2. Experimental Procedure

2.1 Materials

Aluminum alloy 7075-T6 sheets with a thickness of 0.5 mm are used as the metal component of the GLARE composite fabrication. The properties of the aluminum 7075-T6 sheet (with a thickness of 0.5 mm) are mentioned in Table 1. The type T6 sheet has a higher yield strength because the primary source of this strength mainly depends on the dispersion and deposition time between the grains and along the grain boundary, and the resistance to stress corrosion decreases. The [0/90] woven E-glass fabric (with the trade name QUANTOM Wrap 200G) and epoxy resin (QUANTOM EPR 3001) are used as the composite parts of the GLARE composite fabrication. This epoxy resin has many advantages, such as high mechanical properties, resistance, impact, and excellent adhesion between inner layers of glass fiber, especially aluminum sheets. The mechanical properties of the GFRP composite according to the ASTM D3039 and ASTM D4255 standards are shown in Table 2. The mechanical properties are obtained from GFRP composite laminates due to recent research conducted in this composite laboratory [23,24]. Furthermore, the mechanical characteristics of the epoxy resin are presented in Table 3.

Table 1 Properties of aluminum 7075-T6 alloy.

Table 2 Mechanical Properties of GFRP plates [23,24].

Table 3 Characteristics of the resin 3001 [25].

2.2 Manufacture of GLARE

The schematics of the samples are shown in Figure 1. Since the material selection and quality of GLARE and GFRP composite laminates produced in the experimental results are very important, making high-quality and uniform composite samples is very important. In this study, the hand lay-up method produced GFRP and GLARE composites . The mechanical process prepares aluminum surface and improve its adhesion to the composite. In the preparation of aluminum plates, first, they are washed, then wastes are separated from the surfaces of aluminum sheets and then degreased with acetone solution. Then, the inner surfaces of aluminum (the surfaces attached to the composite) are sanded until they are made a surface with deep scratches. The sanded surface is placed in boiling water for 20 minutes to form the OH- and OH+ factors on the surface. Also, the inner surface of aluminum sheets is scratched due to better adhesion between the aluminum sheets and glass fibers. In the resin preparation section to produce GLARE and GFRP samples, the resin is added to the hardener at a weight ratio of 3:1 and mixed with a mechanical stirrer for 10 minutes. In this part, after preparing the aluminum layers with dimensions of 25 × 25 cm and a thickness of 0.5 mm, four square pieces of 25 × 25 cm size are cut from the E-glass fiber. Eventually, four composite specimens were fabricated, including two GLARE composite specimens and two GFRP composite specimens. The thickness of the samples is 1.8 and 2.8 mm, respectively, as shown in Figure 2. The hand lay-up process is used to manufacture the 6-layer E-glass\epoxy composites. The GLARE specimens are manufactured by adding two 0.5 mm thick aluminum sheets, one on each side of GFRP laminate, shown in Figure 1. For the drop weight low-velocity impact test, four specimens are prepared with dimensions of 250 × 250 mm, which are 1.8 mm thickness for the GFRP laminates (two specimens), and 2.8 mm thickness for GLARE laminates (two samples), shown in Figure 2.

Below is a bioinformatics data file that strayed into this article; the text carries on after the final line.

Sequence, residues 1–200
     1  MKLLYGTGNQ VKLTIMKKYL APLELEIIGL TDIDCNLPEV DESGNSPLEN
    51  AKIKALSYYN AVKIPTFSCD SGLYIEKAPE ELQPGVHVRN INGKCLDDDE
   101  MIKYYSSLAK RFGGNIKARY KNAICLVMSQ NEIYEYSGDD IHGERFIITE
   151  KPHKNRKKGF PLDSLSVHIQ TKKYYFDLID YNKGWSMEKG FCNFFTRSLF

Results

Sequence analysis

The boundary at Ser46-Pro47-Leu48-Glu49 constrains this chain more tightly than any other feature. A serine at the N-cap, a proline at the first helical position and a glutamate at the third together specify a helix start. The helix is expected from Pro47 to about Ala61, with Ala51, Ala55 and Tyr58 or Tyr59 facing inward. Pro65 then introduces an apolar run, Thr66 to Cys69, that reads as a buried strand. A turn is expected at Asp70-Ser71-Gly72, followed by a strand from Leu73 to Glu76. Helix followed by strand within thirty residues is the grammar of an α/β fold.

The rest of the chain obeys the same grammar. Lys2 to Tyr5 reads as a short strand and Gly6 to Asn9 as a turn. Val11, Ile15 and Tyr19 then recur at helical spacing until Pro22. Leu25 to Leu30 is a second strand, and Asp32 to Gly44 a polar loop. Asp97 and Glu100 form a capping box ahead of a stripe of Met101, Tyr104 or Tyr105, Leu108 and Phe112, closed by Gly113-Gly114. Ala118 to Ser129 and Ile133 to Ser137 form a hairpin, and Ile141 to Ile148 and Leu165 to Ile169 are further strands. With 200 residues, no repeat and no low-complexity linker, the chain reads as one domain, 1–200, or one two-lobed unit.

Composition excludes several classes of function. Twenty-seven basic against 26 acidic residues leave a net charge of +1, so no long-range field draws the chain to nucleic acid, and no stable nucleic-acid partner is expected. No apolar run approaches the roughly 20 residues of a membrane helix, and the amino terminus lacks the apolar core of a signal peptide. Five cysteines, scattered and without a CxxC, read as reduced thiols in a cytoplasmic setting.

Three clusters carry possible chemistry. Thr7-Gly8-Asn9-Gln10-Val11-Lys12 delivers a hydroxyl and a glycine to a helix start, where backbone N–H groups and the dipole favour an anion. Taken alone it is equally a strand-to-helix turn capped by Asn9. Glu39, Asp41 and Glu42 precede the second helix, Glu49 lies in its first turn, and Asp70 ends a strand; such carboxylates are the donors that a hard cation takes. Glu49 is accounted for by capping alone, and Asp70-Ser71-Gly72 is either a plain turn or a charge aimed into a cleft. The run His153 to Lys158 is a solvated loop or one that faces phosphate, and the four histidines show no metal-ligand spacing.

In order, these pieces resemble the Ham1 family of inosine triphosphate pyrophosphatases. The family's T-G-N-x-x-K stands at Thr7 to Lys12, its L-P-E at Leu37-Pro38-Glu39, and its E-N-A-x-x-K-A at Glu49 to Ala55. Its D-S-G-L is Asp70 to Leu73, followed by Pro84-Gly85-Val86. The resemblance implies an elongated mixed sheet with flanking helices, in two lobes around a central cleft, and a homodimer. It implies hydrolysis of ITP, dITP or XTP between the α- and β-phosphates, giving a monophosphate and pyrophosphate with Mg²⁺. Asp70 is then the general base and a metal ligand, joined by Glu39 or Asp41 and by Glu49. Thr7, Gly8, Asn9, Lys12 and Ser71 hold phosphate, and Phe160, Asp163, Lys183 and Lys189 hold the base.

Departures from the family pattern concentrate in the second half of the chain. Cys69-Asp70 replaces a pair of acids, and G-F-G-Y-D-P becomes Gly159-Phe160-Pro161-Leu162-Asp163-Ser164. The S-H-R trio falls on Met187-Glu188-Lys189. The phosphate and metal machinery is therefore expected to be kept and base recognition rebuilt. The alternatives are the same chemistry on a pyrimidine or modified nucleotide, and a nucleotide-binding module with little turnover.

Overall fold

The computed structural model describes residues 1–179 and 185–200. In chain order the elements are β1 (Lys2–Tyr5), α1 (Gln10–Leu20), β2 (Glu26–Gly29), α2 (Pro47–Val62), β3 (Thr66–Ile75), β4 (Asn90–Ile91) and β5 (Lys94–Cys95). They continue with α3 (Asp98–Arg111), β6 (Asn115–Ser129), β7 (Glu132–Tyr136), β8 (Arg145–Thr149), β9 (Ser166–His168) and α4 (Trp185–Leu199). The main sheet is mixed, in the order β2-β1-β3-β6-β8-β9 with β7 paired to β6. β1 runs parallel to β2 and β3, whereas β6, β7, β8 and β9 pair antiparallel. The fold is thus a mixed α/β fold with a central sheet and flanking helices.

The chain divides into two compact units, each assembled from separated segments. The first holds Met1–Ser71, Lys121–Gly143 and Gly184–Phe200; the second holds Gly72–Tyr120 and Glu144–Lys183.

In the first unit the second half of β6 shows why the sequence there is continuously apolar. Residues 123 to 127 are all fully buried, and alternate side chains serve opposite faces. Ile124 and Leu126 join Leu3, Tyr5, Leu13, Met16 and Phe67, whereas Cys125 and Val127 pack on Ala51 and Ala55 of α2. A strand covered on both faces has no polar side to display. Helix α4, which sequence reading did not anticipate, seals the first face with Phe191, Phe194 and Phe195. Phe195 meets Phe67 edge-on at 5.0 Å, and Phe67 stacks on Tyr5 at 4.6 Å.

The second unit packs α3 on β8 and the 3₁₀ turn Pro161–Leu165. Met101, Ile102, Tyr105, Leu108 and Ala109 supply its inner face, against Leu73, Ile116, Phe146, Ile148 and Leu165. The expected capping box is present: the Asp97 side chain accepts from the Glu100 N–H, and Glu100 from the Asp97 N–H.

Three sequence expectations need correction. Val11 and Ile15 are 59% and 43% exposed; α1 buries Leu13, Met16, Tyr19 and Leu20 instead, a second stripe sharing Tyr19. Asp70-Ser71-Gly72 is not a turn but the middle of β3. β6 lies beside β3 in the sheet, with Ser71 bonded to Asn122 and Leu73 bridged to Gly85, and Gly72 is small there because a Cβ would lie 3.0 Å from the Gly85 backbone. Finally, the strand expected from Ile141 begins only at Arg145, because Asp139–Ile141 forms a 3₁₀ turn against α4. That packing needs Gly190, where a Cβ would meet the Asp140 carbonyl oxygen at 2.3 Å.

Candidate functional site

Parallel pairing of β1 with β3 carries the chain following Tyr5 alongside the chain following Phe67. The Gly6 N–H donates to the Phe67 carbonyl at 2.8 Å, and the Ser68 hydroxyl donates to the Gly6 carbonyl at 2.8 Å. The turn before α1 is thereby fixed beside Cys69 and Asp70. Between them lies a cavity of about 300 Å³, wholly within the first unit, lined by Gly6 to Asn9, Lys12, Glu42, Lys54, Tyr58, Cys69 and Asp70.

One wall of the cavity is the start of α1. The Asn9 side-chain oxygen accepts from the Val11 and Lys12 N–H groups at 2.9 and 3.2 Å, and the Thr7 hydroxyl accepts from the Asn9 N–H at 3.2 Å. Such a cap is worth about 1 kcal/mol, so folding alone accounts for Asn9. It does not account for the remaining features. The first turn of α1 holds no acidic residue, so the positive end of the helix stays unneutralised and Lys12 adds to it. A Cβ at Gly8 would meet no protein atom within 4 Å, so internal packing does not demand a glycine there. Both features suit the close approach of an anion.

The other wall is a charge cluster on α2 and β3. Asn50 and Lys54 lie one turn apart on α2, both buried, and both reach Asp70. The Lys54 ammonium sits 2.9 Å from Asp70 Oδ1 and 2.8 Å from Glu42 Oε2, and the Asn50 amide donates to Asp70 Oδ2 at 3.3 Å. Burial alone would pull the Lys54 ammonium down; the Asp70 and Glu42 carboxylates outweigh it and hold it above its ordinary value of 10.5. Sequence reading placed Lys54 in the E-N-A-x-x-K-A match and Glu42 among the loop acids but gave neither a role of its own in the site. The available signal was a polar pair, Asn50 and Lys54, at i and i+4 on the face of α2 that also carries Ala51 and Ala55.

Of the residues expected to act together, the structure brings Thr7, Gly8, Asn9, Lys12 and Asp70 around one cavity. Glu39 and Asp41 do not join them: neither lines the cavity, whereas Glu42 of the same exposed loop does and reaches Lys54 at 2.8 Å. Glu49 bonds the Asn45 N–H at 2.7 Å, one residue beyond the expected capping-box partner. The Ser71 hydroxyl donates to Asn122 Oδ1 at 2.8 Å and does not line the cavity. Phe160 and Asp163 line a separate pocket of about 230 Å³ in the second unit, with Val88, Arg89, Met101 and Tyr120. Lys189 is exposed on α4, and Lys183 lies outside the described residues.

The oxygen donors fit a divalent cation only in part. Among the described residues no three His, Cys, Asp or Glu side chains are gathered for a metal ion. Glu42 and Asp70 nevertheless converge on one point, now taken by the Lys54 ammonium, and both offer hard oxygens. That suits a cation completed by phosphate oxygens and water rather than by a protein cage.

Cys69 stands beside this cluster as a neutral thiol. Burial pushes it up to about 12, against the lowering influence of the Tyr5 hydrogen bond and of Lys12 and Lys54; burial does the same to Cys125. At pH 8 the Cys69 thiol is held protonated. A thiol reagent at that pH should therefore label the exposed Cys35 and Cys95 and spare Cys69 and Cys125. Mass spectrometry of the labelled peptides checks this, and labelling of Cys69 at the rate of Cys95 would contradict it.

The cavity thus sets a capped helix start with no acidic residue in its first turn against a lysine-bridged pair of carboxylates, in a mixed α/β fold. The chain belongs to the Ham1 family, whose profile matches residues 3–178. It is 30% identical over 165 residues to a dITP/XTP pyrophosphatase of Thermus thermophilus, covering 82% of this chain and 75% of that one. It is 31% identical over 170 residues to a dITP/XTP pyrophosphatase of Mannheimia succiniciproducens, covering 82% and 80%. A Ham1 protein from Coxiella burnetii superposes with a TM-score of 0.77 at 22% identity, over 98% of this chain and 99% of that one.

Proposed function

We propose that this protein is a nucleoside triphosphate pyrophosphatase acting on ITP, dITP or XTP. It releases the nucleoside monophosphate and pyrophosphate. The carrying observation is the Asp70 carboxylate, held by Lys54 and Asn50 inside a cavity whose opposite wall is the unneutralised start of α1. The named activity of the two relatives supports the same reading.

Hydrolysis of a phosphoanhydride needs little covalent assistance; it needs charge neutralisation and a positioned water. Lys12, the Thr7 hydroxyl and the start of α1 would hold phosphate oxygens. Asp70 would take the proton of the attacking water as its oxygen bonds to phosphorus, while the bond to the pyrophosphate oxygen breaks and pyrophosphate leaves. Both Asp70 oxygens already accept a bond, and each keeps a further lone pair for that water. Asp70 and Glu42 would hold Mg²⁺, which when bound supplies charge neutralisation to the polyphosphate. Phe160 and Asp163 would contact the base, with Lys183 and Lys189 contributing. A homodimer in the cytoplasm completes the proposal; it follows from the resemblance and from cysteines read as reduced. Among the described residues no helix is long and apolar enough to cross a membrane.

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Figure 1 Schematic of GLARE and GFRP composite layering.

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Figure 2 Composites: (a) GFRP; (b) GLARE.

2.3 Low-velocity Impact Test

This study uses a drop-weight test device with a spherical impactor to carry out low-velocity impact tests. The mechanism consists of an electric magnet. The task of the electric magnet is to hold the spherical projectile and the clamped boundary condition for composite samples. Furthermore, a laser displacement measuring and contact force measuring system are placed under the GLARE and GFRP composite laminates to record the maximum deflection value and contact force of the middle point of the specimens. As illustrated in Figure 3, an instrumented drop-weight impact machine with a controllable-drop height is used for the impact tests. The sample is clamped at the bottom of the machine between the two rectangular plates with a square opening at its center (Figure 4). The low-velocity impacts are performed with a spherical steel projectile with a diameter of 55 mm and a mass of 680 g, as shown in Figure 4. The laser displacement measurement is calibrated before performing the impact test. It should be noted that calibrating the sensor reduces the error rate to obtain the maximum amount of maximum deflection. The impact test is performed at a height of 1.0 m with a collision velocity of 4.46 m/s with an impact energy of 6.7 j and a height of 1.5 m with a collision velocity of 5.46 m/s with an impact energy of 10 j.